Celebrating Spring (or is it Summer) and Guttenberg

Today is the first full day of Spring – and in Windsor what a beautiful day it has been. The temperature reached over 30 C with the humidex. It was not a good day to be trapped inside, unless your office is air-conditioned – in which case it might be just fine.

The great poet Rainer Maria Rilke wrote, “Everything is blooming most recklessly; if it were voices instead of colors, there would be an unbelievable shrieking into the heart of the night.”  As I look around at the magnolias in full bloom, the crocuses that have bloomed out, the daffodils that are so brilliantly yellow, and the tulips about to show their colour, all against a lush green backdrop, I am certain that Rilke’s thoughts were penned on such a spring night – although probably in April not mid March. Thinks are blooming and at a rate that seems most reckless for this time of year. That said, we all love this early dose of summer weather on the first day of spring. Now we need not fret. We will see cooler weather very soon I am sure. But the last week or so has done wonders for everyone’s spirit. It is hard not to have an extra jump in your step when the warm and sunny weather brings colour and growth and new life. What new life can we give thanks for? Perhaps today can be for us a reminder to seek to offer gratitude for what springs anew in our lives.

Today also happens to be the anniversary of the printing of the first book. It was a Gutenberg Bible and it was printed on this day in 1457.

As we celebrate spring, as we see new life popping up all around us with its new opportunity and new graces, as we marvel at God’s created order and its ability to regenerate, let us also give thanks for the Word which also lends words of new life, new opportunity, regeneration, forgiveness and healing. The Old Testament reading in the Daily Office Lectionary for today is apropos:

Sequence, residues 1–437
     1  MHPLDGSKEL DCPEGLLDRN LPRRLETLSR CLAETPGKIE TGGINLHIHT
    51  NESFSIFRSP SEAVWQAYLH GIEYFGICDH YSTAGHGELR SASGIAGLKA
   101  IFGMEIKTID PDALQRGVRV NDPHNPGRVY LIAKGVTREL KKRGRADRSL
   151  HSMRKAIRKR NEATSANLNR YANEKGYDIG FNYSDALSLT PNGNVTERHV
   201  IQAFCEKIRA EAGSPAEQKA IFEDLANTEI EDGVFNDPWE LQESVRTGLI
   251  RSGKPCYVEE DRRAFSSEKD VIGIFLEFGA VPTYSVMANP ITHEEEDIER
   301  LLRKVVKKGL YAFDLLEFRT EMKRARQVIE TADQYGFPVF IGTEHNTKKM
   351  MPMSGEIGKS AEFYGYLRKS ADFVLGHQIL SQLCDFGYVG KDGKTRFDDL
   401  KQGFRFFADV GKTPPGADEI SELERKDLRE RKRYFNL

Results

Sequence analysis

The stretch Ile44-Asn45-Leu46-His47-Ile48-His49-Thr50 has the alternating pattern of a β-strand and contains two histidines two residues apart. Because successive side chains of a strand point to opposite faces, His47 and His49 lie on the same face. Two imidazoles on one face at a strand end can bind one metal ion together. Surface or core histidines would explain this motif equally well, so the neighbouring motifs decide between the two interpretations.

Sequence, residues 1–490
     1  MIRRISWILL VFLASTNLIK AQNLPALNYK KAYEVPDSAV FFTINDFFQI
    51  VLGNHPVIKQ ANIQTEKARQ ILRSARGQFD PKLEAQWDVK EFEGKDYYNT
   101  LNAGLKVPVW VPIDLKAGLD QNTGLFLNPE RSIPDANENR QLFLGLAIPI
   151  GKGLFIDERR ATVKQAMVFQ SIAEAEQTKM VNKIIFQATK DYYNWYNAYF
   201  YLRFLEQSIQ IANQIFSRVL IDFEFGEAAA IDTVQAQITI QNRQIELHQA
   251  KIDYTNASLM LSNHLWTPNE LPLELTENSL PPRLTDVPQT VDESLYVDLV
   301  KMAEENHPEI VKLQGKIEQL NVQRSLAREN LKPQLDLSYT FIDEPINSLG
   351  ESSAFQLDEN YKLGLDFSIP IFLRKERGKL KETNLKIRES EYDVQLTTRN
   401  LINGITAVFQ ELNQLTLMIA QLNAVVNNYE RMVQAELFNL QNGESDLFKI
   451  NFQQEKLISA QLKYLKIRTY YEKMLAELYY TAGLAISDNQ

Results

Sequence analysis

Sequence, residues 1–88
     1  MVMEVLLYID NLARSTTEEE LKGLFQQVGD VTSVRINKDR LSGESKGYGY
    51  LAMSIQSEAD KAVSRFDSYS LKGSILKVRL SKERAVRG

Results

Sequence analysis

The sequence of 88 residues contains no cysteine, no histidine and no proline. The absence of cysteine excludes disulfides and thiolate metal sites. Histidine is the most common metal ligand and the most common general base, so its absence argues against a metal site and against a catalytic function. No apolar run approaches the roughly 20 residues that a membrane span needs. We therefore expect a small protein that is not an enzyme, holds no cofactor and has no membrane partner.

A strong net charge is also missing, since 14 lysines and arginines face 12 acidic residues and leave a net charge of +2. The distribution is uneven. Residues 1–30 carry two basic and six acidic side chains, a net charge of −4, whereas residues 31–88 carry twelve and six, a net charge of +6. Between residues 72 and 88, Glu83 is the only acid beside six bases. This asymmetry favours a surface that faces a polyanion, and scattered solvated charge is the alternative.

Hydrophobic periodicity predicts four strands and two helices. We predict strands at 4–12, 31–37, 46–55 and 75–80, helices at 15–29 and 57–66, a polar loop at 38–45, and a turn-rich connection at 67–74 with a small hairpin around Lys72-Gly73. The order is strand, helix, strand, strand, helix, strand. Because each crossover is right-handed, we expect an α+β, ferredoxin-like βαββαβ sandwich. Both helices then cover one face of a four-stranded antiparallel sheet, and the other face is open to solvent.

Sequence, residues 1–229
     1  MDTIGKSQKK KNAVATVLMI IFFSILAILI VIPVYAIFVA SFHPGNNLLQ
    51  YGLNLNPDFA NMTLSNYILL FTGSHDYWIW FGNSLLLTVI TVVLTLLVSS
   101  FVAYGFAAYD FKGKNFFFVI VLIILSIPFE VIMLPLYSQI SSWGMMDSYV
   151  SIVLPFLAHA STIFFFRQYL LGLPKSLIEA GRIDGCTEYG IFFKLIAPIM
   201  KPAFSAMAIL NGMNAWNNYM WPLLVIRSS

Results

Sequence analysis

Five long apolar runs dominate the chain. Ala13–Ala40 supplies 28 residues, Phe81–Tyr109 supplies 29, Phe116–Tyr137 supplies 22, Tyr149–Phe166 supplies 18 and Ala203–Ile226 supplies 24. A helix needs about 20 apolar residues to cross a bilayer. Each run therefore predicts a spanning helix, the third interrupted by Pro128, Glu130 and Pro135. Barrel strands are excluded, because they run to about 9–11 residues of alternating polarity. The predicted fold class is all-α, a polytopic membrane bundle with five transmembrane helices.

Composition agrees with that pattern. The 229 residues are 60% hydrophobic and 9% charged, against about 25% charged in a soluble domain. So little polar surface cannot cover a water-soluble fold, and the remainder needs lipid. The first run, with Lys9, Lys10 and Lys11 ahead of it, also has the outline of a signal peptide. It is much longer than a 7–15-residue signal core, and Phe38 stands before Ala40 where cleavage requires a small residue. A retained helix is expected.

Exodus 24:1-8
Then he said to Moses, ‘Come up to the Lord, you and Aaron, Nadab, and Abihu, and seventy of the elders of Israel, and worship at a distance. Moses alone shall come near the Lord; but the others shall not come near, and the people shall not come up with him.’

 Moses came and told the people all the words of the Lord and all the ordinances; and all the people answered with one voice, and said, ‘All the words that the Lord has spoken we will do.’ And Moses wrote down all the words of the Lord. He rose early in the morning, and built an altar at the foot of the mountain, and set up twelve pillars, corresponding to the twelve tribes of Israel. He sent young men of the people of Israel, who offered burnt-offerings and sacrificed oxen as offerings of well-being to the Lord. Moses took half of the blood and put it in basins, and half of the blood he dashed against the altar. Then he took the book of the covenant, and read it in the hearing of the people; and they said, ‘All that the Lord has spoken we will do, and we will be obedient.’ Moses took the blood and dashed it on the people, and said, ‘See the blood of the covenant that the Lord has made with you in accordance with all these words.’

We take our example from the prophets. It was important to the people who were led by Moses to gather around the word, to hear the word and for the leader to proclaim the word. Thanks to the Guttenberg Bible we now all have the Word readily accessible and at our fingertips. As we give thanks for the gift of Spring, as we ponder God’s creation, as we journey through our Lenten pilgrimage, let us commit to gather around the Word and hear God’s love proclaimed. Perhaps we ask today what the Word means in our lives and how we might better live according to that Word on our Lenten Journey!

PS > If it seems too much to have to pick up a book, not to worry you can download a Bible App for your iPhone, iPad, or Android. The Bible is also available for Kindle, and all other digital book devices. If Gutenberg could only see us now….. 

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